Cuban Missile Crisis: A Critical Reappraisal

Len Scott and R. Gerald Hughes (eds),  Routledge – 20 April 2015 – 272 pages

This volume brings together a collection of leading international experts to revisit and review our understanding of the Cuban Missile Crisis, via a critical reappraisal of some of the key texts.  It includes the following chapters from departmental staff:

Campbell Craig, 'Reform or revolution? Scott Sagan’s Limits of Safety and its contemporary implications'; R. Gerald Hughes, ''The Best and the Brightest': the Cuban Missile Crisis, the Kennedy administration and the lessons of history'; Sergey Radchenko, 'On hedgehogs and passions: history, hearsay, and hotchpotch in the writing of the Cuban missile crisis'; and Len Scott, ''The only thing to look forward to’s the past': reflection, revision and reinterpreting reinterpretation'. In October 1962, humankind came close to the end of its history. The risk of catastrophe is now recognised by many to have been greater than realised by protagonists at the time or scholars subsequently. The Cuban missile crisis remains one of the mostly intensely studied moments of world history. Understanding is framed and informed by Cold War historiography, political science and personal experience, written by scholars, journalists, and surviving officials. The emergence of Soviet (later Russian) and other national narratives has broadened the scope of enquiry, while scrutiny of the operational, especially military, dimensions has challenged assumptions about the risk of nuclear war. The Cuban Missile Crisis: A Critical Reappraisal brings together world leading scholars from America, Britain, France, Canada, and Russia to present critical scrutiny of authoritative accounts and to recast assumptions and interpretations. The book aims to provide an essential guide for students of the missile crisis, the diplomacy of the Cold War, and the dynamics of historical interpretation and reinterpretation. Offering original ideas and agendas, the contributors seek to provide a new understanding of the secrets and mysteries of the moment when the world went to the brink of Armageddon.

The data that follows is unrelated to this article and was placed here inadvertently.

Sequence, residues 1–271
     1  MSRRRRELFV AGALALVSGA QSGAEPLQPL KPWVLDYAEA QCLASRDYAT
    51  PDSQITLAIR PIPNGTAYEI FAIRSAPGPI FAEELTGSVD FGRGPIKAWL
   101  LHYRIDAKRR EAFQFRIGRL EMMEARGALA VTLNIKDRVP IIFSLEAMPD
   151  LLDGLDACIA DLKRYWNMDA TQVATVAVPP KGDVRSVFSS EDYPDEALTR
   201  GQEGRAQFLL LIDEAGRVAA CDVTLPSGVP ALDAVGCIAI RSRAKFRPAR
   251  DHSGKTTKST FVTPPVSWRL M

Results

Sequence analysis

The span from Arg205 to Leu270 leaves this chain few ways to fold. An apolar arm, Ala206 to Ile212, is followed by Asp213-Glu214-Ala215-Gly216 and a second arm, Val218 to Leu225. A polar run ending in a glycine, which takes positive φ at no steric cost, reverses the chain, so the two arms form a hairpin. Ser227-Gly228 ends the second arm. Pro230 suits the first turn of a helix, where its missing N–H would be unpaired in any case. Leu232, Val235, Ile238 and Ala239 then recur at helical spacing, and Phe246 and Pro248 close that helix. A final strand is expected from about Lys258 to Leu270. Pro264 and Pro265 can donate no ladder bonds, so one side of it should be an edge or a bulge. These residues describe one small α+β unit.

This book will be of great interest to students of the Cuban missile crisis, Cold War Studies, nuclear proliferation, international history and International Relations in general.

A Decade of Intelligence Beyond 9/11: Security, Diplomacy and Human Rights

 Intelligence and National Security, the world's leading academic journal on the role of intelligence in international relations, has recently published a collection of essays based on papers presented at our bi-annual conference at the University of Wales Conference Centre at Gregynog Hall in Powys.

The Special issue (INS 27/5) features articles by four members of the CIISS:

- Len Scott, 'Reflections on the Age of Intelligence'

- R. Gerald Hughes and Kristan Stoddart, 'Hope and Fear: Intelligence and the Future of Global Security a Decade after 9/11'